I decided I would fix this myself.
Getting on my step stool I reached up, trying to figure out how the piece fit in with the other piece and made the thingy work. (Yes, those are technical terms.) Even on my stool, I can barely reach the rails for the blinds. I reached, and I pushed and I poked at the ceiling with the wand control, and I still could not get it to fit correctly into the slot.
So what does a girl who refuses to ask for help do when she can’t fix a set of blinds?
She squirts super glue up into the rail and smashes the wand into it to try to make something stick.
And that is how I super glued my fingers together and half the blinds to the wall.
Lesson learned: Even independent single women need help. I wonder if rent-a-husband would know how to repair a set of vertical blinds?
I recently allowed my online dating profiles to expire. After a year of dating unemployed albinos, perpetually stoned baby haters and a guy obsessed with chicken waaaangs, I needed a break from the onslaught of topless man photos and “u look hawt” emails.
The last online Match that I encountered seemed very polite and well spoken in his emails so I agreed to go out with him just as my account went on hiatus. I typically restrict my first dates to just coffee but this guy seemed very enthused about going to George’s at the Cove, so I agreed.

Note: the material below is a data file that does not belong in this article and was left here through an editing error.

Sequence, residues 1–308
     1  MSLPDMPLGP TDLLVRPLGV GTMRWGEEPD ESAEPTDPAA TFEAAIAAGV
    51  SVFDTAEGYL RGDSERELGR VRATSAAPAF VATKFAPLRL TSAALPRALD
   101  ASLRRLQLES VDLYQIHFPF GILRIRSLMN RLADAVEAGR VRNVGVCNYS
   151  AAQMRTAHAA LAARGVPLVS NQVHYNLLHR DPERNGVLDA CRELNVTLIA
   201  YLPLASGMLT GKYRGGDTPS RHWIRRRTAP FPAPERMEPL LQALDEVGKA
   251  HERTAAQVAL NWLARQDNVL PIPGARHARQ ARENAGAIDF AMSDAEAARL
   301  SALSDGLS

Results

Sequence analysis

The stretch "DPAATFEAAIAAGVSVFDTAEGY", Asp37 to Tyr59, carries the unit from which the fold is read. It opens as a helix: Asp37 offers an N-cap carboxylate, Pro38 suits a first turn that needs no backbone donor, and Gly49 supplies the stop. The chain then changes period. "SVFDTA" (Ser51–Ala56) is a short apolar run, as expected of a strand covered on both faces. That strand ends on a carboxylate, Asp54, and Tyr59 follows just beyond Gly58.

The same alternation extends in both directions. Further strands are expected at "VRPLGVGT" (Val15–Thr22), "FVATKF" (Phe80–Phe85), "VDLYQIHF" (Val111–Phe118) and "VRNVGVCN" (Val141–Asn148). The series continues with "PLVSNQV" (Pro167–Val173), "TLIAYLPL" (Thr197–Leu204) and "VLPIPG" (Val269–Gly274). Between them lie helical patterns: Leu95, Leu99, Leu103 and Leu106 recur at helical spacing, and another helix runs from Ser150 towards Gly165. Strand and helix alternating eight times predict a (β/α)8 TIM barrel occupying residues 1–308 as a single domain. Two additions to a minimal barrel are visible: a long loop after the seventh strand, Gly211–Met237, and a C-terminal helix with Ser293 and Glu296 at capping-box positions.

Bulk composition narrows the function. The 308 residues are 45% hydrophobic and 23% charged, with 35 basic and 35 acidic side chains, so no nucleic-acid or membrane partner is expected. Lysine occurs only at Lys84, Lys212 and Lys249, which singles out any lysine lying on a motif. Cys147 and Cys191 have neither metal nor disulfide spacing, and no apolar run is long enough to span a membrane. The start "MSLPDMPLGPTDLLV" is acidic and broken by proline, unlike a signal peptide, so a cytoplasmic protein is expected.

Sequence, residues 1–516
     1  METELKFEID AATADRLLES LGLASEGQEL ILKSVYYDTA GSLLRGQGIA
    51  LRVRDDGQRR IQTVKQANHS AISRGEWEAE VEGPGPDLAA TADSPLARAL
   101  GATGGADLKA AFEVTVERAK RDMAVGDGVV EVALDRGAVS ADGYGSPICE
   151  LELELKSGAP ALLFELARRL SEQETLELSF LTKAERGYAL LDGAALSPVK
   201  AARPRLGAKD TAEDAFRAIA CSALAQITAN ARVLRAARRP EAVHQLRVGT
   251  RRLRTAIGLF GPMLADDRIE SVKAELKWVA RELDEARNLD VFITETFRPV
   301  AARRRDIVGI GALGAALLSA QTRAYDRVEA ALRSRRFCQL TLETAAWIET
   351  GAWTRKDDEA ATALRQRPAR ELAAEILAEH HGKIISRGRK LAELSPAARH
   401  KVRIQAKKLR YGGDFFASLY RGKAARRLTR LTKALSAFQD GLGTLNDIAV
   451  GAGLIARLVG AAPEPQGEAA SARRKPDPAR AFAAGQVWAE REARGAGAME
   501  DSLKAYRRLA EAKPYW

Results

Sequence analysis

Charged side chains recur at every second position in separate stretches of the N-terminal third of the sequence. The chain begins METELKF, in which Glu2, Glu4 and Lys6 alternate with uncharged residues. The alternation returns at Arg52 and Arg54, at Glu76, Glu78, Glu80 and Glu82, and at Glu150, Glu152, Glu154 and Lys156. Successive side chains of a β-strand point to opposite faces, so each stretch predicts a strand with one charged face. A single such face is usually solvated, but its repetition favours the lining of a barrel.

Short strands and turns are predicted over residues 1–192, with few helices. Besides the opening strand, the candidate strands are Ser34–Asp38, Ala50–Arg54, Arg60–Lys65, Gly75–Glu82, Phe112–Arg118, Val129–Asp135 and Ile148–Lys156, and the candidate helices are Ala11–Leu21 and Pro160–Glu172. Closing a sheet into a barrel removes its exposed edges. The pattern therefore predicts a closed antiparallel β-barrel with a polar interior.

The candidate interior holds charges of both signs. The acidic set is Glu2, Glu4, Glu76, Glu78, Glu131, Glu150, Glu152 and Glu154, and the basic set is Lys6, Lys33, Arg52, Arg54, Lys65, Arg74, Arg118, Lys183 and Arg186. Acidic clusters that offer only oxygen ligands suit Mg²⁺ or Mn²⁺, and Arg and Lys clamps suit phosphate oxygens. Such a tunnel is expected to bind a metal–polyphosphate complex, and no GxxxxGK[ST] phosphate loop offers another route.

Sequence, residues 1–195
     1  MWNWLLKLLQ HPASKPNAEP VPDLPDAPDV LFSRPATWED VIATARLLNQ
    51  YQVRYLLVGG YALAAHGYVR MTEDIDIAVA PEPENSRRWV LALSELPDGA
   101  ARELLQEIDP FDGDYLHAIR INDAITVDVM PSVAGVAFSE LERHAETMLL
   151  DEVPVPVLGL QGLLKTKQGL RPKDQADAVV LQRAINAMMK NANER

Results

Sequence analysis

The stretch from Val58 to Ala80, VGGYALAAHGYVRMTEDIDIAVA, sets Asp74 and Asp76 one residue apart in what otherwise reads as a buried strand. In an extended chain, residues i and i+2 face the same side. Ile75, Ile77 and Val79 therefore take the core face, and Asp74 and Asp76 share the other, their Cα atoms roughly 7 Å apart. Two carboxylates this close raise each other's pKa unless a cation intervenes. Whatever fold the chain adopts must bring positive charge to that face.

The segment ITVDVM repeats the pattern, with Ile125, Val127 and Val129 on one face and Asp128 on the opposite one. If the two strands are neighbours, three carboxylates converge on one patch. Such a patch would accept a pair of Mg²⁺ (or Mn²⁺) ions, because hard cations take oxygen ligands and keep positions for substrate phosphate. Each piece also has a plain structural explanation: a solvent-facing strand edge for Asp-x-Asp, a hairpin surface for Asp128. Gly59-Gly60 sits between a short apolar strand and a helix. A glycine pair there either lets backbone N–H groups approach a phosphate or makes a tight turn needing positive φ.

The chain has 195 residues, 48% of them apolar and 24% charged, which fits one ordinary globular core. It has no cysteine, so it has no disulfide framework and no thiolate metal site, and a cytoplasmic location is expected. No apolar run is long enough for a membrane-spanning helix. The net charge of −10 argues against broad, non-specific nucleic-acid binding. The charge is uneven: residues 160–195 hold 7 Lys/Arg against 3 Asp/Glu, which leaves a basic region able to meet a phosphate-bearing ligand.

I was alone in the bar enjoying a glass of wine when he walked in, and the first thing I saw was not my date himself, but his colossal man ring. It was enormous. I have never seen anything that large on a man’s hand outside of a Godfather movie. I didn’t even look up at him because my eyes were drawn to it as he moved his hands. When I finally did look up, I realized that my date was dressed like Thurston Howell III, the millionaire from Gilligan’s Island. All he needed was an ascot and the hat.
I try really hard to give guys the benefit of the doubt. I didn’t want to count this guy out because of his dated fashion sense or because he perhaps had an obsession with man jewelry. So I struck up a conversation with him about his job. His job has something to do with traffic management.
You know what’s more fun than sitting in San Diego rush hour traffic? Talking about it for two hours.
As I ordered my third glass of wine, I tried to change subjects to movies, books, music . . . anything but the I5 freeway! Alas, it seems all topics revert back to transportation.
The waiter gave me a sympathetic look as I drained my glass of wine and wondered how on earth I could get through dinner faster. If only I had eaten some bad sushi earlier in the day!
As we said good night, I hugged him and wished him well. We would not be going out again. It was like having dinner with my grandfather, if my grandfather was a nice person with a vested interest in highway construction. The saddest part, my date was only 28 years old.
Lesson learned: Well spoken and polite will get you far in Amandaland. Dressing like Thurston Howell will not.